If a bunch of young Londoners, namely Mumford & Sons, can become the toast of America's young folkgrass scene, then why can't a drummerless New England old- timey troupe return the favor across the pond? At least, that's what acoustic trio The Devil Makes Three is itching for.
"We really want our next album to get us over to Europe," says Devil Makes Three's co-guitarist and co-singer Pete Bernhard. "That's one of the things we're hoping for next year. It's a big goal to get over to Europe and play."
Brattleboro, Vt., native Bernhard formed DMT with his high school pal, guitarist Cooper McBean, and New Hampshire-born stand-up bassist Lucia Turino a decade ago before Mumford made folk hip (again).
"Me and Cooper, when we were really young, we were interested in fingerpicking and folk music. It was considered so uncool; most of our friends were into metal and rock. One of the reasons we ended up playing together is because no one in our age group wanted to play with us. People thought we were such nerds," he recalls. "Well, we still are."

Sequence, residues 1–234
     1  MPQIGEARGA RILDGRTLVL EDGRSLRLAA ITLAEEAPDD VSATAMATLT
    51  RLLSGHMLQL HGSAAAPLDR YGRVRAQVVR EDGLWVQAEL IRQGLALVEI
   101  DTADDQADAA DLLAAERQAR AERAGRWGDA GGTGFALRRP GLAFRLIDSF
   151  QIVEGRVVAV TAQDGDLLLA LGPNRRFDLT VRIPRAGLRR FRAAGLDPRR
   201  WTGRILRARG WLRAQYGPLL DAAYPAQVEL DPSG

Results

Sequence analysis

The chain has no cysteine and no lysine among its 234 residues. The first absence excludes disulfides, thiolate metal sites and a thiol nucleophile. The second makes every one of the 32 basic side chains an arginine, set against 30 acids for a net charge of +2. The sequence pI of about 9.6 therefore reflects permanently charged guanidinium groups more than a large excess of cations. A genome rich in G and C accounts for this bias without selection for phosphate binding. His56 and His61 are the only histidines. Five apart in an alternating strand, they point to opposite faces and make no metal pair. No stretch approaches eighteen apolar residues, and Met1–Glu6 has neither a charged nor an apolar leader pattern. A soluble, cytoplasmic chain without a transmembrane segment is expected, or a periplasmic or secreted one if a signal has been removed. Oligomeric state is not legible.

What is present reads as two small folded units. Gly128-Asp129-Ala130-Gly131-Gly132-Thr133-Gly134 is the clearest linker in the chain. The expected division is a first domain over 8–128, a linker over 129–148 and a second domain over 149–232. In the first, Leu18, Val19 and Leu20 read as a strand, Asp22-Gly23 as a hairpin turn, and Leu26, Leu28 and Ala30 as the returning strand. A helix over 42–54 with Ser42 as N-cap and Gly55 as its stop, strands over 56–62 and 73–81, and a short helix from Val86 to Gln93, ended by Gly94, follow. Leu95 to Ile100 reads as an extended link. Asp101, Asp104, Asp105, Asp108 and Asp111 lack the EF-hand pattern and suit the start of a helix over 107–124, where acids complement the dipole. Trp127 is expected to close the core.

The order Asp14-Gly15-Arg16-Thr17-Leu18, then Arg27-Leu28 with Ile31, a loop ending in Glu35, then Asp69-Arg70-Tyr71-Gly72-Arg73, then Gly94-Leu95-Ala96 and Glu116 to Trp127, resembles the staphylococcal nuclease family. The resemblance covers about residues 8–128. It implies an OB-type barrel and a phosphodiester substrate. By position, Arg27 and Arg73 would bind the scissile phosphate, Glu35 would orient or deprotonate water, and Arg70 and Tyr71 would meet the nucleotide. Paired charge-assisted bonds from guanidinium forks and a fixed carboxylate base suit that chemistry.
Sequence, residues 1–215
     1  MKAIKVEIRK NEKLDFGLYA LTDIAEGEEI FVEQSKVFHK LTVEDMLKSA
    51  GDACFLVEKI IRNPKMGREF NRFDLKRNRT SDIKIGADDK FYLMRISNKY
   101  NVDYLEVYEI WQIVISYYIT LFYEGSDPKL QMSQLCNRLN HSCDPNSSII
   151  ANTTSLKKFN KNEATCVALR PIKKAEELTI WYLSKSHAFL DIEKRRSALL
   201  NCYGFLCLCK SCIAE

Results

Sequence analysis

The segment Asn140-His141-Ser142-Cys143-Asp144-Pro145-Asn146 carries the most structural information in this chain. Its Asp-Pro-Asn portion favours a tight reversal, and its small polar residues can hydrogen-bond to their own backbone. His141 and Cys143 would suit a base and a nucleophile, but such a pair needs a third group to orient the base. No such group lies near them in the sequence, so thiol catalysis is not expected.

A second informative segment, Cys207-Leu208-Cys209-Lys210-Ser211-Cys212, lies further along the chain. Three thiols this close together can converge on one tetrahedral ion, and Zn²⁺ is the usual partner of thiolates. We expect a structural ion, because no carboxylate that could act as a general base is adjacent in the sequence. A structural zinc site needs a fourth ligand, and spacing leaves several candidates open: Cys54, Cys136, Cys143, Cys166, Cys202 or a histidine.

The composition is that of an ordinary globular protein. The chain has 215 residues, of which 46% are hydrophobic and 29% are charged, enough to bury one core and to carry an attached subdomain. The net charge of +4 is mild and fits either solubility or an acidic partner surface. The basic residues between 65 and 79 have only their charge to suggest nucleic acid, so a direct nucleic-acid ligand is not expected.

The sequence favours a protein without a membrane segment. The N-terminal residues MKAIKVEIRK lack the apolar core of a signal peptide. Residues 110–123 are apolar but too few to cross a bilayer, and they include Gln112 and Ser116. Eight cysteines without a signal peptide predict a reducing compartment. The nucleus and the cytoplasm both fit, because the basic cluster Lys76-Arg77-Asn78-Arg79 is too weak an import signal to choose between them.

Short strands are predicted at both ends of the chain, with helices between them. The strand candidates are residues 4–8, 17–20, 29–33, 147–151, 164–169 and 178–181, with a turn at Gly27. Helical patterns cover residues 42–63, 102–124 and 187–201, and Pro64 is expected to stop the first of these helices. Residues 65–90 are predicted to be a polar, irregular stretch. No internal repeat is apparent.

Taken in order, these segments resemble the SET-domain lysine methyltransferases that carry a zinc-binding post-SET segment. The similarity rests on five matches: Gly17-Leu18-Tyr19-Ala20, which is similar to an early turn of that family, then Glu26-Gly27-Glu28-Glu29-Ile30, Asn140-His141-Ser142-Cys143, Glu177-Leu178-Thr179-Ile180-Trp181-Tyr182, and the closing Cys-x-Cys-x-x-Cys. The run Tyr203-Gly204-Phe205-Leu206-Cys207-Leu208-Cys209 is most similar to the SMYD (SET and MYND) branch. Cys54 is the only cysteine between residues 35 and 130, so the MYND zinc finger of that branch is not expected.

After their fall tour, DMT begin recording a new album, which follows five records, both live and studio recordings, and a touring schedule that saw them play Bonnaroo, Lollapalooza, and, appropriately, the Telluride Bluegrass Festival.
"When we started, no one would take us seriously, playing acoustic instruments with no drums," recalls Bernhard. "They'd put us on stage to play while they were setting up. We weren't considered a real band."
Punk for the folk
Despite their inner leanings toward folk and country music, Bernard and McBean cut their teeth playing punk rock. And the reason was simple: “Because it was so fun!” Bernard says with an emphatic whoop. “It was just a blast. With this band, we set out to make folk as fun to see as a punk show. Folk music can be very quiet and still. We wanted our show to be more fun, [to] get people up to dance.”
If you go
The Devil Makes Three
With Brown Bird
Next Friday, 8 p.m.
967 Comm. Ave., Boston
$18, 18+, 800-745-300